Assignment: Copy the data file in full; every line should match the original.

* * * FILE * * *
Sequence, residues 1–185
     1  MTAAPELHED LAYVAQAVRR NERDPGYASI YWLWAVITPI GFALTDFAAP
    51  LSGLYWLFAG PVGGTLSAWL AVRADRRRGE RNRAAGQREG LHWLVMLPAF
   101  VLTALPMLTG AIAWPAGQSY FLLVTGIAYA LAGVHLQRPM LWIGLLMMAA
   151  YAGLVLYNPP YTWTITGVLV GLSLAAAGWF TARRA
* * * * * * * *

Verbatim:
Sequence, residues 1–185
     1  MTAAPELHED LAYVAQAVRR NERDPGYASI YWLWAVITPI GFALTDFAAP
    51  LSGLYWLFAG PVGGTLSAWL AVRADRRRGE RNRAAGQREG LHWLVMLPAF
   101  VLTALPMLTG AIAWPAGQSY FLLVTGIAYA LAGVHLQRPM LWIGLLMMAA
   151  YAGLVLYNPP YTWTITGVLV GLSLAAAGWF TARRA